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Oliver
Oliver
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command off Cadiz, expressed his concern that his ship was not able to accompany him. 'I hope,' answered Nelson, 'you will come in time to tow some of the rascals.' The Melpomene joined the fleet off Trafalgar the day after the battle, and did help to tow off the prizes. Oliver was appointed to the Mara, vacant by the death of Captain Duff, which he commanded on the coast of France till September 1806. In May 1810 he commissioned the Valiant, in which, in 1813-14, he took part in the operations on the coast of the United States. He resigned the command In July 1814, and had no further service, though promoted in regular succession to be rear-admiral 12 Aug. 1819, vice-admiral 22 July 1830, admiral 23 Nov. 1841. He died at his residence, near Dublin, on 1 Sept. 1850. Oliver married, in 1806, Mary, daughter of Sir Charles Saxton, bart., far many years resident commissioner of the navy at Portsmouth, and by her had a large family.

[Marshall's Roy. Nar. Biogr. i. 725; O'Byrne's Nav. Biogr. Dict.; Gent. Mag. 1850, ii. 547; Return of Services in the Public Record Office.]

J. K. L.

OLIVER or OLYUER, THOMAS (d. 1624), physician and mathematician, is said to have been educated at Cambridge. He certainly published his chief book at the university press, but his name does not figure In the university register, and no details respecting his connection with the university are accessible. Before 1597 he was settled at Bury St. Edmunds as a physician, and usually described himself as 'Buriensis Philiatros.' He practised his profession at Bury St. Edmunds until his death in 1624.

Oliver was a mathematician as well as a physician, and wrote learnedly in both capacities. In 1601 he published 'A New Handling of the Planisphere, divided into three sections … pleasant and profitable generally for all men, but especially such as would get handines in using the ruler and compasse, and desire to reape the fruits of astronomicall and geographicall documents without being at the charge of costly instruments. Invented for the most part, and first published in English, by Thomas Olyver,' London, by Felix Kyngston for Simon Waterson and Rafe Iacson, 1601, 4to. In a dedication dated from Bury St. Edmunds 6 Jan. 1600-1, and addressed to Sir John Peter of Thorndon, Essex, he acknowledges obligations to 'Clauius his Astrolabe.' Many diagrams appear in the text.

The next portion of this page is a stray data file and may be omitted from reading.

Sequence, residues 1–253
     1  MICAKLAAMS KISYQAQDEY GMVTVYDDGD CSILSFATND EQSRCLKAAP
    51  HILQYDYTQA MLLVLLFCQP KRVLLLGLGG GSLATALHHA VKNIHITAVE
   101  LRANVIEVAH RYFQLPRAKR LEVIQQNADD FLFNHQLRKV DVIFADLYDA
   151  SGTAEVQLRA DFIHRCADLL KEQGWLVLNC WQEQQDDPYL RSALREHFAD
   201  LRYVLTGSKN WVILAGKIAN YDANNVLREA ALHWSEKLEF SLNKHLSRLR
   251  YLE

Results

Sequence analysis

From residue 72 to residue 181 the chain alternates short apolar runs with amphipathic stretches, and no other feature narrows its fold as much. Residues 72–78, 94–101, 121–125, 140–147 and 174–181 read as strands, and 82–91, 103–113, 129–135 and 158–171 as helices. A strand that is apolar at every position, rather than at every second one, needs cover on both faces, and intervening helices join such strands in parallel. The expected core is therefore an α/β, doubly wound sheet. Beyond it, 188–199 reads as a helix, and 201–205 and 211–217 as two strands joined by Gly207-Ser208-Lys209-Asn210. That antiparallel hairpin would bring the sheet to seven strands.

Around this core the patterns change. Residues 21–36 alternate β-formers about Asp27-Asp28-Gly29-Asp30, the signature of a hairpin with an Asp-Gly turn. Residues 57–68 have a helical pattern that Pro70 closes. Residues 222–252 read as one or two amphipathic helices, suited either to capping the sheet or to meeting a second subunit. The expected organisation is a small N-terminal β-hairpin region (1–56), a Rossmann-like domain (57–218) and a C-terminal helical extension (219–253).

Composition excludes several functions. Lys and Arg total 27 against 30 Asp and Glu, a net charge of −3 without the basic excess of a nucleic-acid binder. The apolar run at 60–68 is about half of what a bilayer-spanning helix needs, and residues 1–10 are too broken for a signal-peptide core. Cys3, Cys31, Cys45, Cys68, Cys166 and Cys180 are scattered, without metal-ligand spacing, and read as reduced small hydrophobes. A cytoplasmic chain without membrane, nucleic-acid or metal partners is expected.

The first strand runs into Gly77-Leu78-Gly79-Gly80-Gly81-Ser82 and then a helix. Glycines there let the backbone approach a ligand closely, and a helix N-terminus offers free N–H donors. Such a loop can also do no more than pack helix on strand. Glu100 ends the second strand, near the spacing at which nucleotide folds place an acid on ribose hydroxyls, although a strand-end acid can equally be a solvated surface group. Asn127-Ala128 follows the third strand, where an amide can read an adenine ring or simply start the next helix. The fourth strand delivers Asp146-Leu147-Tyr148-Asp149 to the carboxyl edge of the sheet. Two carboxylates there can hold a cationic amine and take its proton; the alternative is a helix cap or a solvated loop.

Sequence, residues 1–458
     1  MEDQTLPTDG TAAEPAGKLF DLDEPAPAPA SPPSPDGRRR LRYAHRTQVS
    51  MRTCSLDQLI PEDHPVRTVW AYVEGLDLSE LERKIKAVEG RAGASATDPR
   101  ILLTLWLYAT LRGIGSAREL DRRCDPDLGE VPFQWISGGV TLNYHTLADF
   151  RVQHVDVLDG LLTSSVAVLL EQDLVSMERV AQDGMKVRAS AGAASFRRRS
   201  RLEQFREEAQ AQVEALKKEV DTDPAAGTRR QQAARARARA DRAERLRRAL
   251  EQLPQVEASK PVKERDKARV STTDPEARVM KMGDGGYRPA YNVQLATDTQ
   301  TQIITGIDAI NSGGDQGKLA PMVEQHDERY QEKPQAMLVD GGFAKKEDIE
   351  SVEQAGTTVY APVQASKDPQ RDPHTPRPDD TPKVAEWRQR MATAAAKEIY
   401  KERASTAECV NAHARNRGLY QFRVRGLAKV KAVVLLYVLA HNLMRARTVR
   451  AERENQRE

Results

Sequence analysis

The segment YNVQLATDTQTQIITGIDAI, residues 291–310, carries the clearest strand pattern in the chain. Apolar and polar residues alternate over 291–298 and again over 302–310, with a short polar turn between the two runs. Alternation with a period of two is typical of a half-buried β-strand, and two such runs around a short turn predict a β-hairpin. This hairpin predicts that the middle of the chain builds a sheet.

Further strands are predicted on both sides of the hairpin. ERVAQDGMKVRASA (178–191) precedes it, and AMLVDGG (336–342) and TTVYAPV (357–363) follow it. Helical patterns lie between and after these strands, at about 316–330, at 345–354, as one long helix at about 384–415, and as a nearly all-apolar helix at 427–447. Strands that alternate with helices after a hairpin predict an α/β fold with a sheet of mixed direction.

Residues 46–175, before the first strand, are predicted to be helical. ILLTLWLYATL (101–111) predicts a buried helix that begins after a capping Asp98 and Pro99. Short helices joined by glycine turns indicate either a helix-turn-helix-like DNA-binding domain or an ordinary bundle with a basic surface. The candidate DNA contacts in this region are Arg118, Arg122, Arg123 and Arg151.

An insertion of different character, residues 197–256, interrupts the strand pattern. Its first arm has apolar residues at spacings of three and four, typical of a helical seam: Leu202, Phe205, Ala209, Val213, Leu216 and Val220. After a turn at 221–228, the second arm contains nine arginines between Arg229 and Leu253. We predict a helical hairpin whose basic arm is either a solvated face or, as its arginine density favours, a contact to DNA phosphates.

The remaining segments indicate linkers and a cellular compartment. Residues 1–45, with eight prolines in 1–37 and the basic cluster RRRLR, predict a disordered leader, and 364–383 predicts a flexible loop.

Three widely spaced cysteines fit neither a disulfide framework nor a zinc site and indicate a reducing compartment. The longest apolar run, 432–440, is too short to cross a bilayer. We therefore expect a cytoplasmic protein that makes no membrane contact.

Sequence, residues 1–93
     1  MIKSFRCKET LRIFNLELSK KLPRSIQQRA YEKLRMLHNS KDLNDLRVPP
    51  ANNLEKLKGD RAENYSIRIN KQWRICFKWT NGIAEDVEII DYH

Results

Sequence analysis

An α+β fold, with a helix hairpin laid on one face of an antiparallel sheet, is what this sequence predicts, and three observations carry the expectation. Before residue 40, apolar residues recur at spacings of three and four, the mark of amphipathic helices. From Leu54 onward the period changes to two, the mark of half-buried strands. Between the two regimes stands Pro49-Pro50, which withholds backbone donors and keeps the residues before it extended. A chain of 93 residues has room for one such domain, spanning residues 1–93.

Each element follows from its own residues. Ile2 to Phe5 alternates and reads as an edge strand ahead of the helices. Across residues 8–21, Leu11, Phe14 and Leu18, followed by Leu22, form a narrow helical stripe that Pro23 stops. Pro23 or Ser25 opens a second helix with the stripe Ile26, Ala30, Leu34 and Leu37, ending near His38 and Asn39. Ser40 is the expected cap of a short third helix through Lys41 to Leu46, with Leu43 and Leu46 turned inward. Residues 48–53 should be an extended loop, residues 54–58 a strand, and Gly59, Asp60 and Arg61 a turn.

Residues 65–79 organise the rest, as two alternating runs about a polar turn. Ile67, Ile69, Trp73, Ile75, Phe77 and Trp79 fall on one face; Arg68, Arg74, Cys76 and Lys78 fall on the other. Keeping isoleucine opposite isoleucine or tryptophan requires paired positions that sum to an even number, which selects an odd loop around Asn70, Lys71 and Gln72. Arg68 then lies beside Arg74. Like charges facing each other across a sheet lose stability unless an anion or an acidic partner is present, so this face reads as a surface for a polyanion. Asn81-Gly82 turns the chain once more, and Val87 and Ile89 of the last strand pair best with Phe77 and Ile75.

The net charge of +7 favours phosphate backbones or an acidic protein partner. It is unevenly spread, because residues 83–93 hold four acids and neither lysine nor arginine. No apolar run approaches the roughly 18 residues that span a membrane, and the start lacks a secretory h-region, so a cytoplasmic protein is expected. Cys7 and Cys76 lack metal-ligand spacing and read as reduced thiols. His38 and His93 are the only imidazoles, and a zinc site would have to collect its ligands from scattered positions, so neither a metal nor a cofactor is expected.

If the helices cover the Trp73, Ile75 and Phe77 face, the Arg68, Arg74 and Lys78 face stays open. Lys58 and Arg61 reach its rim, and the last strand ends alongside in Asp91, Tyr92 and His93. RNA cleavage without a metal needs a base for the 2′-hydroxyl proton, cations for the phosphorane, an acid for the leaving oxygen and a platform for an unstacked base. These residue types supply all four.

In 1604 Oliver published at the press of John Legate [q. v.] at Cambridge four separate tracts bound in a single volume, and usually known by the title of the first tract: 'De Sophismatum Præstigiis cavendis Admonitio,' dedicated to Henry Howard, earl of Northampton, from Bury, 23 Nov. 1603. This tract is succeeded by 'De Rectarum Linearum Parallelismo et Concursu Doctrina Geometrica,' dedicated to Lancelot Browne [q. v.], 'archiatro doctissimo,' and by 'De Missione Sanguinis in Pueris ante annum decimum quartum Diatribe medica,' dedicated to William Butler (1536–1618) [q. v.], 'medico et philosopho præstantiesimo amico suo charissimo Cantabrigiam.' The book concludes with 'De Circuli Quadratura Thesis logica,' dedicated to 'Adriano Romano equiti aurato in Academia Wurceburgensi Mathematicorum professori celeberrimo nunc medico Cæsareo,' 27 Aug. 1697. In Addit. MS. 4626 (art. 23 or 24) are two unpublished tracts by Oliver, respectively entitled 'Thomæ Oliveri Buriensis Tabula Longitudinum et latitudinum locorum memorabilium in Europa,' and 'Mechanica Circuli quadratura cum equatione cubi et sphæeræ.'

[Davy's Athenæ Suffolcenses in Addit. MS. 19165, f. 257; Wood's Fasti Oxon. ed. Bliss, i. 510; Oliver's Works.]

S. L.

OLIVER, THOMAS (1725-1799), methodist preacher. [See Olivers.]

OLIVER, THOMAS (1734–1815), lieutenant-governor of Massachusetts, said to have been born in Dorchester, Massachusetts, on 5 Jan. 1734, was son of Robert Oliver by Ann, daughter of James Brown of Antigua. His father was living in Antigua in 1738, but had settled at Dorchester before 1747. Thomas graduated at Harvard in 1753. He probably resided at Dorchester until 1766, when he purchased an estate on Elmwood Avenue, near Mount Auburn, Cambridge, Massachusetts, and erected the mansion afterwards the residence successively of Governor Gerry, the Rev. Dr. Lowell, and James Russell Lowell. Being a man of fortune, he was not actively engaged in business, nor did he take much part in public affairs until March 1774, when he accepted the office of lieutenant-governor of the province and president of a council appointed by the king in a manner especially galling to popular feeling. The councillors were visited by bands of Middlesex freeholders, and one after another forced to renounce their offices. On the seizure by the royal troops of the public stock of powder provided for the militia, the yeomen of the neighbouring towns marched to Cambridge, some of them bringing arms. General Gage